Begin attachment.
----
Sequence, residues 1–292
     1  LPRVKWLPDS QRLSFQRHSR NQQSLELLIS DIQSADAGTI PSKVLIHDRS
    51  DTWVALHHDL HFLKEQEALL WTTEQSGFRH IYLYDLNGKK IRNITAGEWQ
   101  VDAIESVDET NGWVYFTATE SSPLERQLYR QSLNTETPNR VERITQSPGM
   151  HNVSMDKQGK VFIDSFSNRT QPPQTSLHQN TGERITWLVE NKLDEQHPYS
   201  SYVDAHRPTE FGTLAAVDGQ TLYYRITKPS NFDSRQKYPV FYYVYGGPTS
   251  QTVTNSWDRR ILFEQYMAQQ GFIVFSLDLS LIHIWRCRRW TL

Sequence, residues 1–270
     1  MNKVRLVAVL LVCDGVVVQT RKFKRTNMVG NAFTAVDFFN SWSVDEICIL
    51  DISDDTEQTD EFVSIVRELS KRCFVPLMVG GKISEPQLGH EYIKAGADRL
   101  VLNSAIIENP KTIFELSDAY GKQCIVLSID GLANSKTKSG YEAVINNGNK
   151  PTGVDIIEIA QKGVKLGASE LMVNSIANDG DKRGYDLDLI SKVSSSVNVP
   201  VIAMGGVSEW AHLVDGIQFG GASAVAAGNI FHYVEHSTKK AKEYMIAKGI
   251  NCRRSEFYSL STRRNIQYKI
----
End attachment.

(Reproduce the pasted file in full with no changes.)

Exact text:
Sequence, residues 1–292
     1  LPRVKWLPDS QRLSFQRHSR NQQSLELLIS DIQSADAGTI PSKVLIHDRS
    51  DTWVALHHDL HFLKEQEALL WTTEQSGFRH IYLYDLNGKK IRNITAGEWQ
   101  VDAIESVDET NGWVYFTATE SSPLERQLYR QSLNTETPNR VERITQSPGM
   151  HNVSMDKQGK VFIDSFSNRT QPPQTSLHQN TGERITWLVE NKLDEQHPYS
   201  SYVDAHRPTE FGTLAAVDGQ TLYYRITKPS NFDSRQKYPV FYYVYGGPTS
   251  QTVTNSWDRR ILFEQYMAQQ GFIVFSLDLS LIHIWRCRRW TL

Sequence, residues 1–270
     1  MNKVRLVAVL LVCDGVVVQT RKFKRTNMVG NAFTAVDFFN SWSVDEICIL
    51  DISDDTEQTD EFVSIVRELS KRCFVPLMVG GKISEPQLGH EYIKAGADRL
   101  VLNSAIIENP KTIFELSDAY GKQCIVLSID GLANSKTKSG YEAVINNGNK
   151  PTGVDIIEIA QKGVKLGASE LMVNSIANDG DKRGYDLDLI SKVSSSVNVP
   201  VIAMGGVSEW AHLVDGIQFG GASAVAAGNI FHYVEHSTKK AKEYMIAKGI
   251  NCRRSEFYSL STRRNIQYKI